TAMPA — In the 1970s, Sheliah Youngblood found herself divorced and raising her two small boys alone with little child support.
She was determined to make it on her own. She struggled but is proud to have survived the difficult financial and emotional times.
Decades later, the memory of her experience lingers.
“It stayed with me,” Youngblood said. “It was a seed growing within me.”
Nine years ago, that seed grew into Our Sisters — Our Friends of Tampa, a nonprofit Youngblood formed that is geared to helping those struggling like she once did.
The organization tries to provide a daily meal for Tampa’s homeless. It helps pay expenses like rent or an electrical bill for people in need, provides clothing and gives out vouchers for groceries. Every two weeks, Youngblood hands out groceries from her East Tampa home.
The organization hosts a pre-Thanksgiving dinner at Ragan Park in Tampa and has hosted a dinner gala for local women seniors with teenage boys serving as hosts.
Her organization also helps veterans.
“You have a lot of veterans out there who are homeless. And why?” Youngblood asked. “They served this country. They are out there and who is hearing them? Do they have to commit a crime before we actually hear their stories and their cries?”
Youngblood said her agency tries to give people a sense of hope during trying times.
“I can share my story with them,” she said. ”Sometimes people just need a listening ear and to know that someone cares.”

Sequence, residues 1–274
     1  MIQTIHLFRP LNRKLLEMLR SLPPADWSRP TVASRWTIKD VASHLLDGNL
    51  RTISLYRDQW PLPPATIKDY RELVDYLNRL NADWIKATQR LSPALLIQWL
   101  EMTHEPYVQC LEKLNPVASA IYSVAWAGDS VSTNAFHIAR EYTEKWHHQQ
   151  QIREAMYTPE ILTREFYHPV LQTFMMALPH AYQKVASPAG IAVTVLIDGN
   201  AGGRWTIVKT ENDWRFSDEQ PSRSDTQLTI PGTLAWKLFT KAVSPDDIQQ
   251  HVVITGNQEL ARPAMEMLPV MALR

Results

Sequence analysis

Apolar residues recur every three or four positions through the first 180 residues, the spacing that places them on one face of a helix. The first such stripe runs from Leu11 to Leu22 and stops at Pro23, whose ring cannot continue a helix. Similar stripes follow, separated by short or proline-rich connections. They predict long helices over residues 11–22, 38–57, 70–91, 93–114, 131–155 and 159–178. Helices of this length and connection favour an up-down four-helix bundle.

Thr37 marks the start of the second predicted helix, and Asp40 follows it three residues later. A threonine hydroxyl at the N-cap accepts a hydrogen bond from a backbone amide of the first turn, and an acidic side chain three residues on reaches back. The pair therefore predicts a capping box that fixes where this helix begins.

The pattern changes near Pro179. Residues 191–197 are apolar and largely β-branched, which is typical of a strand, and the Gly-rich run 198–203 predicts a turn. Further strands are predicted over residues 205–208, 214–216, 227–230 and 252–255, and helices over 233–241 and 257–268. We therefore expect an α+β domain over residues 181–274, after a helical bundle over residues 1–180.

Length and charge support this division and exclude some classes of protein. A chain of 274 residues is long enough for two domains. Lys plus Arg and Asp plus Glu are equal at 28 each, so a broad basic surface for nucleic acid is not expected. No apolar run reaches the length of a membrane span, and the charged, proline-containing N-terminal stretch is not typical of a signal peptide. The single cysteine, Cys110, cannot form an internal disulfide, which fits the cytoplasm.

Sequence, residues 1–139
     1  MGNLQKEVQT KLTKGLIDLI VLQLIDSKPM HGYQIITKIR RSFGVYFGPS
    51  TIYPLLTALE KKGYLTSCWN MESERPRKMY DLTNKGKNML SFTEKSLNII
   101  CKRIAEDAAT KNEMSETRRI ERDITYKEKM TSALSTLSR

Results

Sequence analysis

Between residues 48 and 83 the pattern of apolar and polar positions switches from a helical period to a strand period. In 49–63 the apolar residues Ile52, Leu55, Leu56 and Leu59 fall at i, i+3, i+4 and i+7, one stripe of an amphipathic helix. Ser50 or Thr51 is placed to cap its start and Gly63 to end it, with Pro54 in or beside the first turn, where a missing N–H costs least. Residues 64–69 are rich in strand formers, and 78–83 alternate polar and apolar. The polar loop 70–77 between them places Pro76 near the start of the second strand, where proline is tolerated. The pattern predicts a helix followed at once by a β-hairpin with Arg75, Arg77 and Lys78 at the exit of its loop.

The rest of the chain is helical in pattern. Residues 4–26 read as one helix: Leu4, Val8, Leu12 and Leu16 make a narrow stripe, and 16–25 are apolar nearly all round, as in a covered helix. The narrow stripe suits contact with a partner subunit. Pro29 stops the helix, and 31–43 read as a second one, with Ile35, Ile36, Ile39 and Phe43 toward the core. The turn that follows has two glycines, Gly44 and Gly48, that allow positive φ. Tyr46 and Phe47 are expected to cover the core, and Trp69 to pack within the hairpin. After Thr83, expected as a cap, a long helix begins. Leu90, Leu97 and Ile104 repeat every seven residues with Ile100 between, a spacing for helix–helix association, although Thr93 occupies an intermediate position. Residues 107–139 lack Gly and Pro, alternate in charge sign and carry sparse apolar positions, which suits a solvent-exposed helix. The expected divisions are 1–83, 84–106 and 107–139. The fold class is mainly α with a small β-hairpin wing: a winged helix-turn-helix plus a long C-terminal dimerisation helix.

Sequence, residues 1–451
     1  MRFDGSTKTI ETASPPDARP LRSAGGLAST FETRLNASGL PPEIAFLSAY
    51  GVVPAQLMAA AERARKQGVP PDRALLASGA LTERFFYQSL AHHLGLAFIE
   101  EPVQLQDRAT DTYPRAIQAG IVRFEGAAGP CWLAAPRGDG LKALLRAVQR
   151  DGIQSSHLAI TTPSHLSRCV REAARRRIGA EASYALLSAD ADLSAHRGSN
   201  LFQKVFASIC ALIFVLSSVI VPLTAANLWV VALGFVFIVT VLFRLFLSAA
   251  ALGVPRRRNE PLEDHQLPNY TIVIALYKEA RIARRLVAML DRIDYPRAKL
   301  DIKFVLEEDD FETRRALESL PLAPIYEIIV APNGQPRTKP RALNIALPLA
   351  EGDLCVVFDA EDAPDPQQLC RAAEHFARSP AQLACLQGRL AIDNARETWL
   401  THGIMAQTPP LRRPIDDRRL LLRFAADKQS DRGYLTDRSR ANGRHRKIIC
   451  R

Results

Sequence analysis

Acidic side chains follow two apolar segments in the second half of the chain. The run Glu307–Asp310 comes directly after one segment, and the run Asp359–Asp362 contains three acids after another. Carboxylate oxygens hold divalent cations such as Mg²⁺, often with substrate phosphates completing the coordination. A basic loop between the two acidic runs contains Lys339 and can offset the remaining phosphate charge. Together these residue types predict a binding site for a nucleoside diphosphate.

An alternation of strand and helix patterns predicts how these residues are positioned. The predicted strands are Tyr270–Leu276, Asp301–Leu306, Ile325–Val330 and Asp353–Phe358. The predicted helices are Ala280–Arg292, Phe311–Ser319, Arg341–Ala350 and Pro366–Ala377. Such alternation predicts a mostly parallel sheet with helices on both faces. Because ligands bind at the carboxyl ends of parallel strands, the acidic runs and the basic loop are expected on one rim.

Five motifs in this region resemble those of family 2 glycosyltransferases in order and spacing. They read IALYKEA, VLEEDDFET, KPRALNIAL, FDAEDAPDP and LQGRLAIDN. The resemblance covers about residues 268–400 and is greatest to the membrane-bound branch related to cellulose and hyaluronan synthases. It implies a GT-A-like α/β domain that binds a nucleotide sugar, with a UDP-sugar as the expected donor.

Youngblood spends countless hours helping others, though she still has struggles of her own. She’s diabetic. She is blind in her left eye; her right eye has limited vision.
Her poor health doesn’t stop her from her mission. Our Sisters, Our Tampa, she says, is “what keeps me going.’’
“This was my purpose in life, my journey.”
Tonya Lewis, the founder of the local nonprofit Children With A Vision, drives Youngblood to events and fundraisers. The two recently started collaborating so both groups could help more people and keep expenses down.
“She has the passion,” said Lewis, of Tampa. “She cares. She inspired me.”
City Councilman Frank Reddick has known Youngblood for almost a decade. He hopes to have the city give her a commendation next year recognizing her work.
“She does so many wonderful things that go unnoticed,” Reddick said. “She’s a wonderful person, very special. While she’s still alive and still able, she wants to give back to the community.”
Youngblood’s nonprofit is a small operation. She and board members host dinners, fish fries and other fundraisers to help sustain the organization, but finding money to keep operating is a constant challenge.
As always, she doesn’t get discouraged by the struggle.
“I’m not a quitter,” Youngblood said. “If I shut down, who is going to help the people? Where’s the hope?”
“I always thought, ‘What if it were me?’” Youngblood said. “It was always the what if. Would someone help me or would they let me go astray?”